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Home Blog Former College Students Wish for a Do-Over on their Student Loans

Former College Students Wish for a Do-Over on their Student Loans

Citizens Financial Group has released survey results that show that more than three-quarters (77%) of former college students with student loans wish they had planned better for repaying their student loan debt.

Across all respondents, student debt creates feelings of being overwhelmed, stressed and worried. The anticipation of paying debt off generates feelings of relief.

The survey reveals that students and their parents had “the talk” about how to manage student loan debt before starting college. However, the depth of the conversation is perceived differently.

Forty-six percent of current students remember having a brief discussion about managing student loan debt, while former students don’t remember having the student loan repayment conversation. Parents recall the discussion with their children as an in-depth conversation. Such a lack of consensus about the depth of the conversation and/or a lack of understanding about the long-term impact of the debt may contribute to student perceptions about the best strategies for managing student loan debt.

Among other survey findings:

  • Nearly three-quarters (74%) of current college students surveyed worry that they will not make enough money to pay off their student loans. This compares to less than half (42%) of former college students, who believe that for every dollar they invested in student loans, they received returns in life and career opportunities.
  • More than 90% of current college students, parents and former students believe the government needs to be more proactive to make financing college more affordable and that high schools and colleges should help students better understand how to manage their student loan debt through strategies such as automatic electronic payments, deferment, consolidation and refinancing.
  • More than 70% of current and former student survey respondents do not have enough information to feel confident about refinancing and wish there was someone with whom they could discuss it.
  • Current and former students cited possible motivators for student loan refinancing as including saving money to put into a savings account, paying bills on time and saving to buy a home.

Despite acknowledging the benefits of going to college, such as increasing one’s capacity to get a job, improved earning potential, professional career advancement and finding a passionate career path, nearly half (47%) of the former students interviewed indicated that they might not have gone to college if they had known the impact college loan debt would have on major life events such as buying a car, getting married, starting a family, buying a home and saving for retirement.

Edvisors reminds student and parent borrowers about several important smart borrowing and repaying tips.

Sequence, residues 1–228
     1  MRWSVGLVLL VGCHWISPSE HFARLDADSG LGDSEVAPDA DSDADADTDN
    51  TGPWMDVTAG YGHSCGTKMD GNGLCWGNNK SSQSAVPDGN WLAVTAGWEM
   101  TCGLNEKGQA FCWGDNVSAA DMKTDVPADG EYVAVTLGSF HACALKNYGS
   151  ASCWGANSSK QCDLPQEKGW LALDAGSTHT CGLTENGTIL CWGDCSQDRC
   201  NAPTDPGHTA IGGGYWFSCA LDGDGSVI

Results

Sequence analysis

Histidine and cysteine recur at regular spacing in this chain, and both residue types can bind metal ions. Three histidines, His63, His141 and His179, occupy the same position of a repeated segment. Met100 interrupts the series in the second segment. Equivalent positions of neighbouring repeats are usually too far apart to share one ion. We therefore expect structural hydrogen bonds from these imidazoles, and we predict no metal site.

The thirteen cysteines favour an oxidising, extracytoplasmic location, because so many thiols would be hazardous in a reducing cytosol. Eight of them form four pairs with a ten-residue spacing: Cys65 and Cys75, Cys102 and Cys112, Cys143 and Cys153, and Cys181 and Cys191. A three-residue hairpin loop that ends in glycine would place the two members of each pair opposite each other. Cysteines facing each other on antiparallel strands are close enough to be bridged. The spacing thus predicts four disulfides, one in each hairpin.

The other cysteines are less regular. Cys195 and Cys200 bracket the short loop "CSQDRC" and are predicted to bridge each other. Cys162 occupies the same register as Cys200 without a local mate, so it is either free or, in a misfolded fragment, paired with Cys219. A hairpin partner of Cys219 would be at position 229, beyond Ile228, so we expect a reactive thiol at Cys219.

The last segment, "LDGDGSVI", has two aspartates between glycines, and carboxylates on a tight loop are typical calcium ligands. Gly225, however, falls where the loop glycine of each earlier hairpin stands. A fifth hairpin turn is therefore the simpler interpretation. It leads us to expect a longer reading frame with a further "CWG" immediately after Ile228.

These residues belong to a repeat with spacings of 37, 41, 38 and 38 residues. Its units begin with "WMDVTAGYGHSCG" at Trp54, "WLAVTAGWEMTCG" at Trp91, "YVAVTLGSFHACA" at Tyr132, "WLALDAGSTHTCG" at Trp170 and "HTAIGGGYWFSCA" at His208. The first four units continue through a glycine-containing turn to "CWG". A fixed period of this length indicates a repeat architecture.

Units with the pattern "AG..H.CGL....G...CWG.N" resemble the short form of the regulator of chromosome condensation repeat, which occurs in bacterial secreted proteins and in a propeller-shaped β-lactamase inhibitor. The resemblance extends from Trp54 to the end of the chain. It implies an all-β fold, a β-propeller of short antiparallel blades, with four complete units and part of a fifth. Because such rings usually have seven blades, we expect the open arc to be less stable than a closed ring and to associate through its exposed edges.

Tips on avoiding debt include:

  • Total student loan debt at graduation should be no more than the borrower’s annual starting salary, and, ideally, a lot less.
  • Consider cheaper colleges. An in-state, public university can save the student thousands of dollars each year.
  • When choosing which colleges to apply to, evaluate schools by their net price. The net price is the bottom-line cost of the college after subtracting gift aid from total college costs. Gift aid is money that does not need to be repaid or earned, such as grants and scholarships. The net price is a discounted sticker price, the amount of money the family will have to pay from savings, income and loans to cover college costs. Use each college’s net price calculator to play what-if scenarios and explore the impact of financial decisions on the net price.
Student Loan Consolidation: For more information on consolidating federal and private student loans, visit

Tips on repaying student loans include:

  • Target extra payments to the loan with the highest interest rate. (This can include credit card debt and other forms of consumer debt, not just student loan debt.)
  • Borrowers should claim the student loan interest deduction on their federal income tax returns. The student loan interest deduction lets taxpayers deduct up to $2,500 in interest payments on federal and private student loans.
  • Some lenders offer auto-debit discounts, sometimes called direct-debit discounts, which reduce the interest rate by 0.25% or 0.50% for borrowers who make automatic payments on their student loans.

There are also a few tips for borrowers who encounter financial difficulty:

  • Earn extra money to repay student loan debt by working a second job in the evenings and week-ends.
  • Cut expenses to free up cash in the borrower’s budget.
  • Talk to the student loan lender before deciding to skip a payment. Lenders tend to be more flexible with borrowers who contact them first. Borrowers lose options if they default first. Ignoring the problem will not make it go away; it will only get worse.

The Citizens’ INFORMED Index: The Student Loan Landscape, conducted by Ipsos, surveyed 500 current students (between the ages of 18 and 24) with student loans, 544 parents (between the ages of 35-70) with an 18-24-year old child in college with student loans and 518 former students (between the ages of 18-40) with student loans in late August through early September 2014.